Before Prohibition, Paducah, Kentucky was an important Bourbon town. Isaac Wolfe Bernheim and his brother Bernard started their business in Paducah. Dreyfuss and Weil had a distillery in Paducah. Early Times was being distributed by Friedman, Keller & Co. in Paducah. Bourbon whiskey was an important part of Paducah’s economy. As a river town with regular steamboat service, whiskey was sent to market via riverboat. The railroad also brought in corn and grain to make whiskey and shipped barrels of aged whiskey to markets. That pretty much ended with Prohibition. 

Today, this heritage is coming back to the city. I recently had a chance to visit Paducah while on the American Duchess Steamboat. Getting off the boat, it is a short walk up the boat ramp to Broadway and the first place you see is Barrel & Bond Bourbon bar. This bar was opened in 2019 and has a selection of Bourbon, Rye and other American whiskeys that would rival any bar in Louisville. This includes many bottles of whiskey from the 1960s and 70s and they do sell pours from some of these bottles. They also host the Paducah Bourbon Society meetings. The Paducah Bourbon Society has about 100 members and are very active in getting speakers to come to Paducah. They have picked a number of private selection barrels. 

A short walk up the street is the Old Fashioned Cigar Bar. This business, owned and run by Jeannie Rudd and her husband Joaquin Hilton. It has a well-stocked humidor with a great selection of cigars, but they also have a huge selection of Bourbons and other whiskeys. They serve excellent cocktails and generous pours and will happily discuss Paducah’s Bourbon heritage with you.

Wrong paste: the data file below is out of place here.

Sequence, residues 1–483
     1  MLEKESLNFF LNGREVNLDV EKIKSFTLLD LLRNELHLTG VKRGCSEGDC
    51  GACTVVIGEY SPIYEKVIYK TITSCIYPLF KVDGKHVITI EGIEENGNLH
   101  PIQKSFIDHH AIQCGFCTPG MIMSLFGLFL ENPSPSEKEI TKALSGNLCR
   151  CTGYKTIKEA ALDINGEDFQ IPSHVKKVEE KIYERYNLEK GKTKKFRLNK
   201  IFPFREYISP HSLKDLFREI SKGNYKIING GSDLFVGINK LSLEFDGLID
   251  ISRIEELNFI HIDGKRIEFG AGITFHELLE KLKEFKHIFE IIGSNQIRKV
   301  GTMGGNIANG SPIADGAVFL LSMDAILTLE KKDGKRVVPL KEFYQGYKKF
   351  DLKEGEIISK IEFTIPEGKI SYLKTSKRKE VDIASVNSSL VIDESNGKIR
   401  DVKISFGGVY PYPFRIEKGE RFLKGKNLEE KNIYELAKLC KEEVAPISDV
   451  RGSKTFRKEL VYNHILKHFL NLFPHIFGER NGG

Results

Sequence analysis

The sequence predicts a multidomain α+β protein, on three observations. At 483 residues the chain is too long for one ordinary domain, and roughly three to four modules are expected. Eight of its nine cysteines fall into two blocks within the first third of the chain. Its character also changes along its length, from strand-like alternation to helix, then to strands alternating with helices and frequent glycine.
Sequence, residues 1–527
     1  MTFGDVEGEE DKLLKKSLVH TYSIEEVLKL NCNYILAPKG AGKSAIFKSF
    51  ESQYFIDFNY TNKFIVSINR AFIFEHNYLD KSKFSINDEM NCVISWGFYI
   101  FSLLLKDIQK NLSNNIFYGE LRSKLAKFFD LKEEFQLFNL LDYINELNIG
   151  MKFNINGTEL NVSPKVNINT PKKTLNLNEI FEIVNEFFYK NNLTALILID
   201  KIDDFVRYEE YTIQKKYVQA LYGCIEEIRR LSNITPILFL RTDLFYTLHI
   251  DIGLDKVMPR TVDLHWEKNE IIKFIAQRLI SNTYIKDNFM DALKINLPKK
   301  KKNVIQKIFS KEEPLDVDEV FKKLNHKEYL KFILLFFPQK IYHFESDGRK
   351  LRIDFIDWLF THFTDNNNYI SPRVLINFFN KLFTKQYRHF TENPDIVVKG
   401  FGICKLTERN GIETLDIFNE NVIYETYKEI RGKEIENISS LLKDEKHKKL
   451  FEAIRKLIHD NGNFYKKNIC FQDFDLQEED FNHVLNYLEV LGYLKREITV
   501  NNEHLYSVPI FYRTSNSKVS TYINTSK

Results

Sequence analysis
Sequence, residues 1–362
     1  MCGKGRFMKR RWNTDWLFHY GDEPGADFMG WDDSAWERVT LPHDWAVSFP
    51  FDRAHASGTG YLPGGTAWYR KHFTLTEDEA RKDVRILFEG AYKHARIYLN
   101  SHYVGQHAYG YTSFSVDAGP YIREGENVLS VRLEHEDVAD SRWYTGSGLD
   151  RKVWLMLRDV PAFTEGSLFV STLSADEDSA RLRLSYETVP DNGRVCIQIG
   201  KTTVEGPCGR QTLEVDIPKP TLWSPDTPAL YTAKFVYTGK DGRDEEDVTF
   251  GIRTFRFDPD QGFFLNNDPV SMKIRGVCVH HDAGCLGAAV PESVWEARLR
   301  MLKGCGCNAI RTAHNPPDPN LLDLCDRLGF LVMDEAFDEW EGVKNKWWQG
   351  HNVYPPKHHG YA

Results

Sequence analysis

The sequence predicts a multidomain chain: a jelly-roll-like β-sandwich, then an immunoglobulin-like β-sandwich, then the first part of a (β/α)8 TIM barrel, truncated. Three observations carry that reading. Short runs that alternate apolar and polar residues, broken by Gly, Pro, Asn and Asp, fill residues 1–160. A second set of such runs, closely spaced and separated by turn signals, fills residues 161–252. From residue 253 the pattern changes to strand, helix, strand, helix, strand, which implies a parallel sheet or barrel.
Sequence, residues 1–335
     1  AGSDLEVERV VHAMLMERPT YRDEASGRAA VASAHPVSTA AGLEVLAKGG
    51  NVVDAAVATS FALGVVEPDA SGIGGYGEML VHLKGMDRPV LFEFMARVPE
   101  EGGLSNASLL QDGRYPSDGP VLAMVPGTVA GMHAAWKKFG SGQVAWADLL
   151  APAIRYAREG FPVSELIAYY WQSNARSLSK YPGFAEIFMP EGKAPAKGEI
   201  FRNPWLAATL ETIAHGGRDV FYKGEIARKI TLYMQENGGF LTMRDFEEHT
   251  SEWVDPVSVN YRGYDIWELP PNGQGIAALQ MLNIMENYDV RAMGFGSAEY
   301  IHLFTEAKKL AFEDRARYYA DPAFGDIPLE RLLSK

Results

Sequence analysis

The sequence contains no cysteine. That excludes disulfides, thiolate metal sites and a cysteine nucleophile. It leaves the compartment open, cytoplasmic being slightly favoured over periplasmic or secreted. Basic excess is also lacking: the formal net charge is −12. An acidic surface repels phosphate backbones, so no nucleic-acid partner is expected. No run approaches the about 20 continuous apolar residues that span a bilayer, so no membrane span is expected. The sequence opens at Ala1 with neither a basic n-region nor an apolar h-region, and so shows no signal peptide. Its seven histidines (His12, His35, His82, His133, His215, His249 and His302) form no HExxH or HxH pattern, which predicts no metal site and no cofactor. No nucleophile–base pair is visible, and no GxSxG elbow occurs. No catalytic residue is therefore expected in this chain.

A little further up Broadway and you come to the Silent Brigade Distillery. It is a small operation with most of their production being flavored “moonshines”, but they have sourced some excellent Bourbons from the Green River Distillery and are working to build a larger distillery on property outside of town. They have a warehouse ready to store their barrels, but that too, is located outside of Paducah. 

Paducah has kept its 19th century charm with many old store fronts being occupied by new businesses and has several hotels that could also serve as a base to visit other distilleries in western Kentucky. The Casey Jones Distillery and the M.B. Roland Distillery are a day trip from Paducah. The drive from Paducah to these distilleries is a little over an hour. There are several good restaurants in Paducah including, The Freight House with Chef Sara Bradley. She is a member of the Paducah Bourbon Society and keeps a large selection of Bourbons on the bar. 

There are plenty of antique stores in the city for those looking for Bourbon artifacts. However, like antique stores across Kentucky, these artifacts are harder and harder to find. The market for them is very strong and they sell quickly when they are put on the shelf. Paducah also has a first class Quilt Museum and beautiful murals painted on the floodwall. Both of these attractions are worth seeing and bring many tourists into the town.

Paducah. Kentucky has a rich heritage in the Kentucky Bourbon Distilling industry but lost it during Prohibition. The city is bringing this heritage back. It will take time build, but the local businesses are getting the support they need from the city and they are making headway. Paducah is well worth the visit for the Bourbon tourist. It will only get better in the future.

Photos Courtesy of Rosemary Miller